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I want to test if a few test subjects show improvement over days in a test. I have 2 groups, 1 that did some training before the test and 1 that did not. My test lasted three days, with 10 trials a day, and now I wanted to see if my test subjects showed improvement over days. For this i thought i cannot use a regular Chi square test, since all individuals contribute 10 data points for ever day. The test has a binary outcome, pass or no pass.

I used the following R-script: model= glm(Result ~ Day, family="poisson", data=MytestData)

Both Result (Fail/ Pass) and Day (1,2,3) are factor variables

I get the following error: Error in if (any(y < 0)) stop("negative values not allowed for the 'Poisson' family") : missing value where TRUE/FALSE needed In addition: Warning message: In Ops.factor(y, 0) : ‘<’ not meaningful for factors

Anyone can help me with this problem? Or am I using the wrong test here?

Edit/response: Thank you for the useful answer. In the end I used a glmer with individual as random factor to correct for this, but I indeed seemed to be needing the binomial link function. Sorry maybe if it was too obvious but I am kinda new to data analysing still and still learning on my own. I cant comment on your response that it was useful, as I apparently need more reputation? But thanks for the assistance.

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  • $\begingroup$ Why are you using a Poisson model for a binary outcome? $\endgroup$
    – mdewey
    Commented May 25, 2022 at 12:08
  • $\begingroup$ This answer from Katia on Stack Overflow to the question "R: Error in if (any(y < 0)) stop("negative values not allowed for the 'Poisson' family")" may help. $\endgroup$
    – Lynn
    Commented May 25, 2022 at 13:04
  • $\begingroup$ It was because I thought the assumptions of the X2-test were not fulfilled, so I had to go for an alternative? As all individuals contributed more than 1 datapoint $\endgroup$
    – DarkB
    Commented May 26, 2022 at 10:45
  • 2
    $\begingroup$ @DarkB: Welcome to Cross Validated! If you merge your accounts you'll be able to comment on or edit your question. $\endgroup$ Commented May 26, 2022 at 11:04

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Yes, you definitely need a different test.

First, the reason for the error message is that you are inputing a factor to the glm function, which was expecting to get numerical counts. To illustrate this, I will simulate data like yours:

> set.seed(2)
> Result <- rbinom(30,p=0.5,size=1)
> Result <- factor(rbinom(30,p=0.5,size=1))
> levels(Result) <- c("Fail","Pass")
> Day <- gl(3,10,30)
> table(Result,Day)
      Day
Result 1 2 3
  Fail 4 4 3
  Pass 6 6 7

The Poisson distribution is a count distribution, so when family=Poisson the glm function expects to get a numerical response vector containing non-negative counts. If I instead input the Result factor to glm as the reponse vector, then I get the same error message as you have:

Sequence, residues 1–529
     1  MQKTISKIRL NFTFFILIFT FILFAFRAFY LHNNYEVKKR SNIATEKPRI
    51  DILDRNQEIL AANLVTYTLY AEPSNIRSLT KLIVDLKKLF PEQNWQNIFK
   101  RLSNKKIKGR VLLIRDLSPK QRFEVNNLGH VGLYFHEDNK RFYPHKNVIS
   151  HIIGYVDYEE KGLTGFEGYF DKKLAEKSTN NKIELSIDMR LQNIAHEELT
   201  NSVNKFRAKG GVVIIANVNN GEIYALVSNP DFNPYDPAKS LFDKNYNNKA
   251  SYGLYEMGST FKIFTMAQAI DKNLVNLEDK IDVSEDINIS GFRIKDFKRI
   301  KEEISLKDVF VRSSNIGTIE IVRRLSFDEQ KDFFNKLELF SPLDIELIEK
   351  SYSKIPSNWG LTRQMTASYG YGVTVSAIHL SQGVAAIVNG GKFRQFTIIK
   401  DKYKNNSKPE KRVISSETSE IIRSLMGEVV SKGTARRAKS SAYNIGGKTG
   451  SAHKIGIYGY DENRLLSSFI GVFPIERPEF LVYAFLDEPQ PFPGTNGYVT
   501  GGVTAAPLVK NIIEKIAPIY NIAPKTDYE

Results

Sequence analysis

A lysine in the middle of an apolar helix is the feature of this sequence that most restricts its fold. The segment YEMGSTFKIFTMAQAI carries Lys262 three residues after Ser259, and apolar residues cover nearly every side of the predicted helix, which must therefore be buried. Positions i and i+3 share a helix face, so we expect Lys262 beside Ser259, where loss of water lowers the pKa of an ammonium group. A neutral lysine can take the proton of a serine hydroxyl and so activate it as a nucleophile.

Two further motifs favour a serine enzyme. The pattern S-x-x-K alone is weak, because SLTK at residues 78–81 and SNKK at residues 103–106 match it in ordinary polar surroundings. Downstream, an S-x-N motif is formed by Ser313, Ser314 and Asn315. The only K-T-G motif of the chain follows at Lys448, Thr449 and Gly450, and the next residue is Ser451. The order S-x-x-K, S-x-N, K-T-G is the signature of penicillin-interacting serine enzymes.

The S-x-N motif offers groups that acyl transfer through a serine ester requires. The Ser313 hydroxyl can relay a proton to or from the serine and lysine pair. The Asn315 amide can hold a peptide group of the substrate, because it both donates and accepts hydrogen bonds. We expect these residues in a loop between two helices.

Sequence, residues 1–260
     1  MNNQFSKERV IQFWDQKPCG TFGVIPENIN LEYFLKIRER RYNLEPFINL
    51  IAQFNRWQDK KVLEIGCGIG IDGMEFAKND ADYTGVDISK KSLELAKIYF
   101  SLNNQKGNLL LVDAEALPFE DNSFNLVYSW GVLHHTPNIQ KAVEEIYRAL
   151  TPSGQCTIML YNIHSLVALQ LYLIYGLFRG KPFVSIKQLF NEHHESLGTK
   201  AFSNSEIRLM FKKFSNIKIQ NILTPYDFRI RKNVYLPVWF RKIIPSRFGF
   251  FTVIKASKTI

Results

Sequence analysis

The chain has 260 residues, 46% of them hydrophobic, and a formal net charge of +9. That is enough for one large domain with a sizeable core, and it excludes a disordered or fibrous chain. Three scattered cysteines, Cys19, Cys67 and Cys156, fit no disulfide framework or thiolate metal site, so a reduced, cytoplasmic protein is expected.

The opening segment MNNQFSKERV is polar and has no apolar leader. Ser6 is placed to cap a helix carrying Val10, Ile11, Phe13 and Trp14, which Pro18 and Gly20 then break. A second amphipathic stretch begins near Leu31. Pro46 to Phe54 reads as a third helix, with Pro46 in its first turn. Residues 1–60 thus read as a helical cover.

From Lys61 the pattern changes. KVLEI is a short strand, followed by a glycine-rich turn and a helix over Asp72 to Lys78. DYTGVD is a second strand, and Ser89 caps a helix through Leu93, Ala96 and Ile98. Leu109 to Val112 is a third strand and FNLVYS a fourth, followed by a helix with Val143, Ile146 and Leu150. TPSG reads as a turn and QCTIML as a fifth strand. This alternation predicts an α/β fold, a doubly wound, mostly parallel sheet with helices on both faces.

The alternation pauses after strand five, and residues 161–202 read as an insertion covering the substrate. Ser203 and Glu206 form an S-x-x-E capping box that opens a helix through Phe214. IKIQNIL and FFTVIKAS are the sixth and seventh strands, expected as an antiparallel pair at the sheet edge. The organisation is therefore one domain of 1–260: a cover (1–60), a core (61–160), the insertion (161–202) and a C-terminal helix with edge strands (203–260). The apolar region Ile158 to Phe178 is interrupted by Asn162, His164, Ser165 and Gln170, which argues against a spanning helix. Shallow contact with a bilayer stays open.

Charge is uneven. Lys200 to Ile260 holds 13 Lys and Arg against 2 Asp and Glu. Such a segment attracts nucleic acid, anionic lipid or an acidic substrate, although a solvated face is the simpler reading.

> glm(Result ~ Day, family="poisson")
Error in if (any(y < 0)) stop("negative values not allowed for the 'Poisson' family") : 
  missing value where TRUE/FALSE needed
In addition: Warning message:
In Ops.factor(y, 0) : ‘<’ not meaningful for factors

Admitedly the error message isn't very helpful, but the authors of the glm function didn't expect that anyone would try to input non-numeric data into the regression function and so don't check for it specifically. The error arises because you can't do any numerical tests or computations on factors. When they try to test whether the response vector contains any negative values (y < 0), the test returns NA instead of TRUE or FALSE (because the variable isn't numeric) and hence the error message.

You can however use a binomial glm with Result as the response variable, because binary regression doesn't need a numeric response, only a dichotomy between the two possible outcomes:

> fit <- glm(Result ~ Day, family="binomial")
> anova(fit, test="Chi")
Analysis of Deviance Table

Model: binomial, link: logit

Response: Result

Terms added sequentially (first to last)


     Df Deviance Resid. Df Resid. Dev Pr(>Chi)
NULL                    29     39.429         
Day   2  0.29171        27     39.138   0.8643

But there are other problems with your analysis. You are not taking into account which result arose from which individual. Test results from the same individual are correlated and this must be taken into account in the analysis. You also need to take account of which group each individual belongs to.

You have not given complete information about your experiment so it is impossible to suggest a complete analysis for you with any confidence. For example, does an individual who gets trained for one test always get trained before tests? Can the same individual get trained for one test but not for another? Anyway, you might be able to use a binomial model like this:

> fit <- glm(Result ~ Individual + Group:Day, family=binomial())

Here Individual is a factor identifying the individual and Group is a factor identifying the groups (training or no training).

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